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Hodgson Academy is a calm and orderly learning community where pupils are happy and polite. Pupils value the positive relationships that staff have forged with them.
They said that this helps them to feel safe.
Pupils respond well to leaders' and teachers' high expectations of their behaviour and achievement. In most lessons, pupils demonstrate strong attitudes towards their learning, and they enjoy studying a broad range of subjects.
Most pupils achieve well.
Around school, pupils show acts of kindness towards each other through the 'Hodgson hello'. Pupils told inspectors that this is a school where everyone is valued for who they are.
They... aspire to take on the many leadership and school ambassador roles available to them. Pupils wear their achievement badges with pride. Leaders, staff and pupils ensure that bullying is not tolerated.
Staff deal with any incidents of bullying effectively.
Pupils enjoy taking part in a vast range of extra-curricular activities to enhance their wider development. These activities include sports, music, coding, The Duke of Edinburgh's Award, the biannual chess tournament and the animal club.
Pupils also learn about how to care for their physical and mental health.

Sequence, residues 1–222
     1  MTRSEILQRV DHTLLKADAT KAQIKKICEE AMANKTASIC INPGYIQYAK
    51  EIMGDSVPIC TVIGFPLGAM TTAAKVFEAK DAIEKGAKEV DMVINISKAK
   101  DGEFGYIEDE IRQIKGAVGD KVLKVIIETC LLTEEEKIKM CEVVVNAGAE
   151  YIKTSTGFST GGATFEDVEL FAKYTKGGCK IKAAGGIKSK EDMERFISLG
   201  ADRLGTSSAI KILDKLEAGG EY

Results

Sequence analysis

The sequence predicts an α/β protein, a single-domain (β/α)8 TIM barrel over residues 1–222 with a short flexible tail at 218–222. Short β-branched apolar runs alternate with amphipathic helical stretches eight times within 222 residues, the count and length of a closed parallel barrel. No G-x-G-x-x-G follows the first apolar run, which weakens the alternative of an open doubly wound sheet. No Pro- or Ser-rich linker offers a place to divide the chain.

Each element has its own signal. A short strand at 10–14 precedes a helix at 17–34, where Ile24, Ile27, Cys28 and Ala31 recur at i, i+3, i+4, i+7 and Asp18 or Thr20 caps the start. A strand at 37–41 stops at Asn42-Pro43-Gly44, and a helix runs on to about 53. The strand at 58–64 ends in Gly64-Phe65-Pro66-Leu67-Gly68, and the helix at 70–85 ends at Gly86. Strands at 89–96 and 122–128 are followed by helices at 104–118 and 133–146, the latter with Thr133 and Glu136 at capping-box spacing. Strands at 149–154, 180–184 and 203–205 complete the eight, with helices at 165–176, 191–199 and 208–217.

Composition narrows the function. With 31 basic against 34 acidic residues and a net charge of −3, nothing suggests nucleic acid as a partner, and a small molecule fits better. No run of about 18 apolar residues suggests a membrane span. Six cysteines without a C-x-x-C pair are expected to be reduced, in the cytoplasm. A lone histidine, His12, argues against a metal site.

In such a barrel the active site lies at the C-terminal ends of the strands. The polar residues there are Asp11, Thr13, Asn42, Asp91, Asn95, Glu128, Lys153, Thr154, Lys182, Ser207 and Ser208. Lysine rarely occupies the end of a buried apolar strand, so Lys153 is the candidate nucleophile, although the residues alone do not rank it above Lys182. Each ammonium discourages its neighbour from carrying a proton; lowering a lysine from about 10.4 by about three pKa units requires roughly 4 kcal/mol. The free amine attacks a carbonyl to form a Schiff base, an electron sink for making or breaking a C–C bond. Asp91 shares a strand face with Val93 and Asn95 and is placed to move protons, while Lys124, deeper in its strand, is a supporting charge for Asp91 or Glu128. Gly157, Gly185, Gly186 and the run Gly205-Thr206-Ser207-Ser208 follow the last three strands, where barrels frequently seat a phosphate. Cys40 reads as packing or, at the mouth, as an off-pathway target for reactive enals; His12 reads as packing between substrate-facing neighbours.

Pupils develop an awareness of local and global issues, which helps to broaden and deepen their understanding of the world. They contribute positively to their local community, for example through charity events to support the homeless and the elderly.
What does the school do well and what does it need to do better?
Leaders, including governors, have high aspirations for the achievement of all pupils at Hodgson Academy.
Leaders are continually developing and refining their curriculum to ensure that it is ambitious for all pupils. As a result, most pupils, including those with special educational needs and/or disabilities (SEND), achieve well.
At key stage 4, almost all pupils follow the suite of subjects that make up the English Baccalaureate.
In most subjects, leaders have thought carefully about the detailed knowledge that pupils should learn and in which order this knowledge should be taught. These subject curriculums are well organised.
Teachers provide frequent opportunities for pupils to revisit their learning. Added to this, teachers identify and address gaps in pupils' learning swiftly. This helps pupils to remember, practise and build on what they already know.
In a small number of subjects, leaders' curriculum thinking is less well developed. In these subjects, teachers are not as clear about the knowledge that pupils should learn. This means that some pupils do not deepen their knowledge as effectively as they should.
Leaders have ensured that teachers are supported well to further develop their strong subject knowledge. Mostly, teachers select appropriate activities that help pupils to learn the curriculum well. Where the curriculum is less well developed, there are occasions when teachers do not support pupils to address the gaps in their knowledge quickly enough.